Joel, I am not sure I follow some of what you are writing. Are you saying that for purposes of the definition of contracting officer in 2.101, the only person to whom a contracting officer can delegate some of his/her authority is a COR? If that is what you are saying, what is the basis for that statement?
  21. Minimum Delivery Order

    Benjamin, note that the language you quote only relates to the value of orders the government will place, not what the contractor may invoice or the government actually pay against an invoice. A simple example would be that the contract contains a prompt payment discount provision where the government places an order for $20K, but makes a prompt payment entitling it to the discount so that the contractor receives less than the $20K.
  22. Minimum Delivery Order

    Neil, to clarify your last post, are you saying that an option needs to be supported by adequate consideration separate from the consideration that was given to form the original contract?
  23. Signing actions above warrant authority?

    Boof, the question before the house is not whether it is a good idea or a bad idea, but whether it is prohibited by something.
  24. Contract Closeout Process

    Joel, I agree with your statement that poor audits cost the taxpayers. However, I think your prescription for minimizing such audits is somewhat wide of the mark. Similarly, I do not accept that the backlog of DCAA audits is the result of a lack of staffing. My views are based upon my working for DCAA for 15 years and dealing with DCAA auditors on the contractor side for almost 20 years now If we look at the figures for DCAA prior to 2008 and compare them to the same metrics after 2008, we see a great drop off in productivity. For example, on an average yearly basis, DCAA did substantially more audits prior to 2008 as afterwards. The number of audit reports per auditor had a similar reduction while the time taken to perform the few audits that got done expanded greatly. The reason 2008 is the significant year is because that is when GAO issued its first report finding that some DCAA auditors had not fully complied with the GAO auditing standards (GAGAS) when performing audits. Among the standards that were allegedly violated was the standard on documenting adequate transaction testing. This report resulted in several congressional hearings and the reassignment of the DCAA Director to the DoD Comptroller's office. Internally, DCAA went overboard on transaction testing. DCAA was no longer turning over the big rocks when conducting audits but were turning over grains of sand to show that it had done adequate testing in order to obtain evidence to support an audit opinion. Obviously, this focus on process resulted in DCAA not being able to get reports out the door. Also, I suspect that some of the backlog has a political component to it as this was a tactic DCAA used while I was there. In Washington, one of the favorite solutions to every problem has been more money. Having a backlog is something that can be blamed on a lack of resources so you can get more money. DCAA intentionally did not reduce its backlog of audits so that it could justify its budget and staffing levels. As for training, I doubt there is a more trained civilian workforce anywhere in the government than DCAA auditors. The problem is that most of the training they get is from other DCAA auditors. This perpetuates internal biases and avoids "corrupting" outside influences. DCAA has traditionally not permitted its auditors to attend DAU or other outside procurement training. Maybe Don can speak to this point.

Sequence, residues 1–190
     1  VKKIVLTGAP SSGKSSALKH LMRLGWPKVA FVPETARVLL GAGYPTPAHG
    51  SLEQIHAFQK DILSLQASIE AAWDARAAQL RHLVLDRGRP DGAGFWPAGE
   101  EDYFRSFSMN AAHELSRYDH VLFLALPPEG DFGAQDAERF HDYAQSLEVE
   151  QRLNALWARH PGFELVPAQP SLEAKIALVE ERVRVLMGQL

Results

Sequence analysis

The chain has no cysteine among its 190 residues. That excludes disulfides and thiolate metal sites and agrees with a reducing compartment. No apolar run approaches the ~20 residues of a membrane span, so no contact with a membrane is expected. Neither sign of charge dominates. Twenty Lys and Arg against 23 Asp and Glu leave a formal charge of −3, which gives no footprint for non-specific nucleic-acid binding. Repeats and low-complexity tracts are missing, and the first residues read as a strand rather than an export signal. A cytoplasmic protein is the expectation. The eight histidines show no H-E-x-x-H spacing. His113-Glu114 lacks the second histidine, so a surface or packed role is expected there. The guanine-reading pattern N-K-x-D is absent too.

25. Signing actions above warrant authority?

    If they are separate things, why could the contracting officer not do the latter if it is not prohibited by his/her warrant since the contracting officer is not appointing anyone as a CO??